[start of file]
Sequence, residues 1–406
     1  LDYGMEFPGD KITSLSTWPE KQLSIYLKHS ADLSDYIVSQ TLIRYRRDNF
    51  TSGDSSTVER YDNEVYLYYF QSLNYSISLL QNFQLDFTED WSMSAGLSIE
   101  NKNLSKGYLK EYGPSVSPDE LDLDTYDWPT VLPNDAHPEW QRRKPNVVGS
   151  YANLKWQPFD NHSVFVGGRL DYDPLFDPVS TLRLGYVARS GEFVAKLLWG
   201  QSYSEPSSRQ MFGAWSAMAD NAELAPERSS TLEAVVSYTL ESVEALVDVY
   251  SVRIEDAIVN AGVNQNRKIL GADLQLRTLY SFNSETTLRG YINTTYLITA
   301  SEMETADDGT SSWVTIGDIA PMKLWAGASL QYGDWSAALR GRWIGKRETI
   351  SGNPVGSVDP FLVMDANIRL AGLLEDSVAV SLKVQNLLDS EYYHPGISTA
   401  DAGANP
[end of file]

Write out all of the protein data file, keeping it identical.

Sequence, residues 1–406
     1  LDYGMEFPGD KITSLSTWPE KQLSIYLKHS ADLSDYIVSQ TLIRYRRDNF
    51  TSGDSSTVER YDNEVYLYYF QSLNYSISLL QNFQLDFTED WSMSAGLSIE
   101  NKNLSKGYLK EYGPSVSPDE LDLDTYDWPT VLPNDAHPEW QRRKPNVVGS
   151  YANLKWQPFD NHSVFVGGRL DYDPLFDPVS TLRLGYVARS GEFVAKLLWG
   201  QSYSEPSSRQ MFGAWSAMAD NAELAPERSS TLEAVVSYTL ESVEALVDVY
   251  SVRIEDAIVN AGVNQNRKIL GADLQLRTLY SFNSETTLRG YINTTYLITA
   301  SEMETADDGT SSWVTIGDIA PMKLWAGASL QYGDWSAALR GRWIGKRETI
   351  SGNPVGSVDP FLVMDANIRL AGLLEDSVAV SLKVQNLLDS EYYHPGISTA
   401  DAGANP